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Retail Disaster : New Jersey Ranked Even Worse than New York in Sales Tax

Phil Murphy

the staff of the Ridgewood blog

Ridgewood NJ, according to the Tax Foundation New Jersey scored near the bottom , ranked 45th as on of the lowest-scoring states having a high sales tax rate, high excise tax rates, or apply the sales tax to a variety of business inputs. The states with the lowest scores on this component are Louisiana, Washington, Alabama, Arizona, Tennessee, and New Jersey.

Katherine Loughead a Policy Analyst with the Center for State Tax Policy at the Tax Foundation wrote , “A state’s sales tax rate and structure can make a state more or less attractive to businesses for two key reasons: (1) some states apply the sales tax to business inputs, which drives up the costs of production, and (2) as sales tax rates increase, consumers may cut back on purchases or move their shopping to lower-tax jurisdictions.”

This is just another shot to the struggling bricks and mortar retail industry in Ridgewood Central Business district as well as in surrounding towns like Paramus and Hackensack with house large shopping malls. New York at #42 , Connecticut #30 , Pennsylvania #21 , Delaware #2 and Maryland #18 all offer lower sales taxes making it even more difficult for New Jersey to attract shoppers . If you add the increased gas tax and the high tolls it spells retail-apocalypse .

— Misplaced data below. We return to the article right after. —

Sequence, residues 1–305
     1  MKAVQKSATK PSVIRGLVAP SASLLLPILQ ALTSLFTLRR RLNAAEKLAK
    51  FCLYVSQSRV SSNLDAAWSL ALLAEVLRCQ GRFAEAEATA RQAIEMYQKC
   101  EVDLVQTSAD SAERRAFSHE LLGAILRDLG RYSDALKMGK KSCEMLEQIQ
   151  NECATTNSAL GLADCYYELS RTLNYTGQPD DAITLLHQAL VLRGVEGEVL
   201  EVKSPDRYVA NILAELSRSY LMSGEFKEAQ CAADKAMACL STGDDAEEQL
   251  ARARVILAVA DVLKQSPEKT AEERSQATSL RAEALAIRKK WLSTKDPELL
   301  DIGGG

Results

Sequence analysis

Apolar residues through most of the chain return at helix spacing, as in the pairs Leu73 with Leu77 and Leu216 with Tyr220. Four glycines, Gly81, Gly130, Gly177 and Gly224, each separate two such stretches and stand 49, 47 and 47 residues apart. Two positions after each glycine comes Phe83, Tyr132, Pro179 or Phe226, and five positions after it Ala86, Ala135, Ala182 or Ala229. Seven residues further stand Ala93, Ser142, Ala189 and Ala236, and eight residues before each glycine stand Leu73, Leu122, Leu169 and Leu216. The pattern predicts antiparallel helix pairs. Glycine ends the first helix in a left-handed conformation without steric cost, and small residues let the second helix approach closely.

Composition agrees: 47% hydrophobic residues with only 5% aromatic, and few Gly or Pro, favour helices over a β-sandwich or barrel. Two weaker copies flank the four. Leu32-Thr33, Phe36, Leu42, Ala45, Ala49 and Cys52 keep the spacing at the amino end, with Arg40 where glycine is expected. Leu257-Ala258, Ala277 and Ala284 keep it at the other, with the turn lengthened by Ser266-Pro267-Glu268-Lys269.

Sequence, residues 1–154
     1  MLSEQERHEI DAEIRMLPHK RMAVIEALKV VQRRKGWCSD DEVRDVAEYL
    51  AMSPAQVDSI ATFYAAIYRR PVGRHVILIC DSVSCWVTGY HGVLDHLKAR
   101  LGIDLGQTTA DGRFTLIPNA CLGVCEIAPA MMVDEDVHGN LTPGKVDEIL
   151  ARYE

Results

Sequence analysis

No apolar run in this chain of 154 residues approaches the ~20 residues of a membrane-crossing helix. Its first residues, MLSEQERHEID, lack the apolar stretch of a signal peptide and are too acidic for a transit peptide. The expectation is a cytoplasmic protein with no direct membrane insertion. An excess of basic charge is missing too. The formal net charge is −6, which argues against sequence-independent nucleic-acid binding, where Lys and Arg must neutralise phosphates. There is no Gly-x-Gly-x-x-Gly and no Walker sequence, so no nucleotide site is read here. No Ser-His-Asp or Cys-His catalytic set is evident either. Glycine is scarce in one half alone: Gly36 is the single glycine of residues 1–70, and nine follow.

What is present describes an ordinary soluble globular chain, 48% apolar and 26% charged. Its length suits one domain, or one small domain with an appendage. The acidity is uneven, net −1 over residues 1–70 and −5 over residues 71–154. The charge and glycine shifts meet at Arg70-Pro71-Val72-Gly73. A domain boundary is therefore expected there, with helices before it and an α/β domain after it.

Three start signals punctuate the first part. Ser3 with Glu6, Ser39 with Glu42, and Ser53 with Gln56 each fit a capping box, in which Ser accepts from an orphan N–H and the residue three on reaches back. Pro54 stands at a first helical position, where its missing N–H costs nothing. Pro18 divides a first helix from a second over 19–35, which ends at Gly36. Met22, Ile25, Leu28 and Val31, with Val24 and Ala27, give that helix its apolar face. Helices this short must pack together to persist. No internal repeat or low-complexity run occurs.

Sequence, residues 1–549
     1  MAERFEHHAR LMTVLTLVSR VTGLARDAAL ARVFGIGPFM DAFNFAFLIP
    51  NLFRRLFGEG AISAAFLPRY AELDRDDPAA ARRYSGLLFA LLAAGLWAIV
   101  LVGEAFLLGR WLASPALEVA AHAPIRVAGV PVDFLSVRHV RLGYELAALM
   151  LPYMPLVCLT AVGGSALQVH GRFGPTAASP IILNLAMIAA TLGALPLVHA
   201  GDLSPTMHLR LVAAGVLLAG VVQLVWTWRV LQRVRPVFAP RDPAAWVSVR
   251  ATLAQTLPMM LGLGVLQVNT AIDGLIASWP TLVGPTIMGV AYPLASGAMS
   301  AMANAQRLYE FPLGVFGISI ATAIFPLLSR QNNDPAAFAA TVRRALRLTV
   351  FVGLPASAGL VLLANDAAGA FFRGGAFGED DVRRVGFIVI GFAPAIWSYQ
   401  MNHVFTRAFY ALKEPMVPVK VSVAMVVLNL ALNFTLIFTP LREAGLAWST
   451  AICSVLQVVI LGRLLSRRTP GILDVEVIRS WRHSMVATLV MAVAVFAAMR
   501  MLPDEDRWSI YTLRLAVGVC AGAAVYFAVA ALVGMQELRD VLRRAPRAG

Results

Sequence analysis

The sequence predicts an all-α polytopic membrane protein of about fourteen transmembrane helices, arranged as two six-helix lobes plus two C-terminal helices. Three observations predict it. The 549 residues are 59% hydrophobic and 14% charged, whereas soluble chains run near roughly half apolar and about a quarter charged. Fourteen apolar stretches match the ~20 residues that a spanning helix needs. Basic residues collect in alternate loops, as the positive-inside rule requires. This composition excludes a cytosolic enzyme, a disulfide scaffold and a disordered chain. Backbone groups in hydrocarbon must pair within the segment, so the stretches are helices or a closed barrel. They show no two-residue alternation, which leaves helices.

She goes on , “An ideal sales tax applies to a broad base of final consumer goods and services, with few exemptions, and is levied at a low rate. Broad-based, low-rate tax structures minimize tax-induced economic distortions that can occur when consumers alter their purchasing behavior due to tax differentials. In addition, sales tax exemptions narrow the tax base, driving up the sales tax rate on those goods and services that remain subject to the tax, making the rate higher than otherwise necessary.

Importantly, a well-structured sales tax applies to the end-user at the point of sale but does not apply to the sale of machinery, raw materials, and other business inputs, as those taxes increase the costs of production and ultimately get passed along to consumers in the form of higher prices. States that avoid taxing business inputs perform better on the Index.”

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